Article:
Do Peace Activists See War as Criminal? Implications for Critical Criminology

David Kauzlarich, Southern Illinois University-Edwardsville

For some time, critical criminologists have argued that the legal definition of crime is no more and perhaps even less legitimate than social harms definitions of crime. Borrowing from both traditions, state crime scholars have had little problem conceptualizing war, imperialism, and other harmful governmental actions in criminological terms. But do other progressives outside of critical criminology? This study explores a part of this question via interviews with a convenience sample of peace activists agains the U.S.-Iraq war. In practical terms, the study seeks to clarify the extent to which activists feel comfortable framing such events as criminal and therefore provide some measure of (a) the indirect level of progressive support of academic in critical criminology as it pertains to praxis, (b) attitudes toward practical solutions to the control of state crime found in the scholarly literature, and (c) the potential limits and usefulness of the label "crime" as a tool for promoting social justice and peace.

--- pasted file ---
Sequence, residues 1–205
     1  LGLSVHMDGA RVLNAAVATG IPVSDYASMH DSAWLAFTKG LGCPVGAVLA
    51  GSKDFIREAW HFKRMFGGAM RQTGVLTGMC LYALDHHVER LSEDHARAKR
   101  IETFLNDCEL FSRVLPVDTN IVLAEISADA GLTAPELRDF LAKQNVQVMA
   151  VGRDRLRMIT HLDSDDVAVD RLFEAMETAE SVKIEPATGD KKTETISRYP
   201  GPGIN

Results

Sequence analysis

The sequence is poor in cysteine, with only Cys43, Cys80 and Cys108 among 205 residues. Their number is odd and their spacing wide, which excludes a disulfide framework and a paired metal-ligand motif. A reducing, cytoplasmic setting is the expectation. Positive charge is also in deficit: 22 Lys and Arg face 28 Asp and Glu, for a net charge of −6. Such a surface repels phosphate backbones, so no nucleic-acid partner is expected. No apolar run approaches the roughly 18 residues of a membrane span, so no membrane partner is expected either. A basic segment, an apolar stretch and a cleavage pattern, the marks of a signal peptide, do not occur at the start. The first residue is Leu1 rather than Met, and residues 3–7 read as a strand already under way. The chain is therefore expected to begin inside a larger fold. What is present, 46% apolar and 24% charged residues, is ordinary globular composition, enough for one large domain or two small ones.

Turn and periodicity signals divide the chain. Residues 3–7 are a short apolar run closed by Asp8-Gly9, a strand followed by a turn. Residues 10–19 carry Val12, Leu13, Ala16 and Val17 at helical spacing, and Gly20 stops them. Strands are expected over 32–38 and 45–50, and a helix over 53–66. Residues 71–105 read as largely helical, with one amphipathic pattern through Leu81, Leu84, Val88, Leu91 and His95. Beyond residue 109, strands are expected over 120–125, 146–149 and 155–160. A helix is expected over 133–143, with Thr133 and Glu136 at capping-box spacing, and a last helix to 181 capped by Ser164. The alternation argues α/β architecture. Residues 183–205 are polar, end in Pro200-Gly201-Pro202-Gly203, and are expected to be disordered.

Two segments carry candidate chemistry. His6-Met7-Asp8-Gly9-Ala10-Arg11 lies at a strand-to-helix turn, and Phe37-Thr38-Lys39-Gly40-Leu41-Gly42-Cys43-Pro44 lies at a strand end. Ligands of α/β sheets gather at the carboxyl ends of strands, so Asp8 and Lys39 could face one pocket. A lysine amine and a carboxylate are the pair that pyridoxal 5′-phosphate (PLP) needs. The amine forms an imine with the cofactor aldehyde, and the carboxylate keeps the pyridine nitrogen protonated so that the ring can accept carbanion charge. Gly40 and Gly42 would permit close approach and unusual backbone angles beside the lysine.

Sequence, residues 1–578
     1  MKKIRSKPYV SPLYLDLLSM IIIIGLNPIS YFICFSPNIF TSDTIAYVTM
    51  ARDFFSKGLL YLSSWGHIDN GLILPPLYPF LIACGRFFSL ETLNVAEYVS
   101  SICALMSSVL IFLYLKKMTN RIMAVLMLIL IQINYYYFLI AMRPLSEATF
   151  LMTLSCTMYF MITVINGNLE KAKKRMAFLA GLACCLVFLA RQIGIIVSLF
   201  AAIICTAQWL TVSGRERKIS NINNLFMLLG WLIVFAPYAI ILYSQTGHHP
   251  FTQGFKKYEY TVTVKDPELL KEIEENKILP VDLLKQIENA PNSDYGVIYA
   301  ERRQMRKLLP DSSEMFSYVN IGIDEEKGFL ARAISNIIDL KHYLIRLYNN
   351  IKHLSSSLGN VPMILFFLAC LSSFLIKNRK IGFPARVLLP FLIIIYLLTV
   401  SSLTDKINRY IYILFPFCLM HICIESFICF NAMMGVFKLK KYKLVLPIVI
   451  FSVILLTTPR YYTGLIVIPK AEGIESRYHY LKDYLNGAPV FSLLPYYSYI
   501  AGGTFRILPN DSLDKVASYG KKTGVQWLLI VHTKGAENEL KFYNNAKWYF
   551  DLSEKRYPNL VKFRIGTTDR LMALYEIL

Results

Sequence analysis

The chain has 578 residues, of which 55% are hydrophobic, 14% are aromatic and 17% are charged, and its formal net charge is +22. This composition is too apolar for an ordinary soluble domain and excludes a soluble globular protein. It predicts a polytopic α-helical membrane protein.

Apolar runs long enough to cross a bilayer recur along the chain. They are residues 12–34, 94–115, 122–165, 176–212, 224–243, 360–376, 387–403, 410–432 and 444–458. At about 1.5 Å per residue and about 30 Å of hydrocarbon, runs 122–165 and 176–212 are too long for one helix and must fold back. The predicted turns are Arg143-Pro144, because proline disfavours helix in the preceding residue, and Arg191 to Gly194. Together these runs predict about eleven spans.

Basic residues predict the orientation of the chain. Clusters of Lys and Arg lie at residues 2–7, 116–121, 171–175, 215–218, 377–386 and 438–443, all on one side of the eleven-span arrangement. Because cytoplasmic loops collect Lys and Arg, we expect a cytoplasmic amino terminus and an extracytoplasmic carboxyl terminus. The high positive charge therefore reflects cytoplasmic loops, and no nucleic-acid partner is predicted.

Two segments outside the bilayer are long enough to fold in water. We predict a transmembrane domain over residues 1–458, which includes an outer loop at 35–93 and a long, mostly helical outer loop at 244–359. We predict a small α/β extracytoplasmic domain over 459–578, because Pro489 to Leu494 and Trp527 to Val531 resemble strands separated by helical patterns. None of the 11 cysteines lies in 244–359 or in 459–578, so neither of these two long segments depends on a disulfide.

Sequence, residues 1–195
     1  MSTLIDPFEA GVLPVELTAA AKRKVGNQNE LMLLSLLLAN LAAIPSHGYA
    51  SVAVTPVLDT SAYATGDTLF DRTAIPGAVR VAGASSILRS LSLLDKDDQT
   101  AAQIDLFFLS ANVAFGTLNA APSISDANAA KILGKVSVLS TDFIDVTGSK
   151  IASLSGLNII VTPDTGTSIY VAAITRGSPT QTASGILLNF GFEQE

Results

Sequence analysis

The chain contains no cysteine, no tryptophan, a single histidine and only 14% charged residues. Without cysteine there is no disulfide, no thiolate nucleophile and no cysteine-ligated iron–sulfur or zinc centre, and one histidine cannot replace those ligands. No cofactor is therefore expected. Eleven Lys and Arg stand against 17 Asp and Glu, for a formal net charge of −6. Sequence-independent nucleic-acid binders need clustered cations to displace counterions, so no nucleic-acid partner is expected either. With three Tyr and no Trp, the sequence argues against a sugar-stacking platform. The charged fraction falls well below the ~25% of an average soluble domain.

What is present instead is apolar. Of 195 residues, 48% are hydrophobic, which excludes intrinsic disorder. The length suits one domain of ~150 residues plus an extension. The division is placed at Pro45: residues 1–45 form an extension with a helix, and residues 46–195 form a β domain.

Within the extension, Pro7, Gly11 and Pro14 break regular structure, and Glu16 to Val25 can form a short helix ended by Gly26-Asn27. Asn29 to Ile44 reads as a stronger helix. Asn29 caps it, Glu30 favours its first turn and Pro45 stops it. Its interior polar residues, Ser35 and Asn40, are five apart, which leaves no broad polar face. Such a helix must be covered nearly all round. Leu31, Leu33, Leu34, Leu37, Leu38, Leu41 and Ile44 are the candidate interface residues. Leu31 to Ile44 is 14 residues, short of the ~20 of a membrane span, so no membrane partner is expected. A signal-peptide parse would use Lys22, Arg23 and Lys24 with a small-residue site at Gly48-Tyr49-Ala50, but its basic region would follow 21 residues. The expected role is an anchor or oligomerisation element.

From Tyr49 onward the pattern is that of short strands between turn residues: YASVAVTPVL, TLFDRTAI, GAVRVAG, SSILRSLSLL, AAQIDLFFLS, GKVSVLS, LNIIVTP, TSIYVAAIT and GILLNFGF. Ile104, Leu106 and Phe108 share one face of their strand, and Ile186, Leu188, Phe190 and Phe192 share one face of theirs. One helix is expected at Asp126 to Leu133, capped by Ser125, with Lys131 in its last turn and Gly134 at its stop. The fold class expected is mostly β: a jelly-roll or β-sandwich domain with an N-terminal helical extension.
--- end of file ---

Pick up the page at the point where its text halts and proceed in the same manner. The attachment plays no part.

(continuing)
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Updated 05/20/2006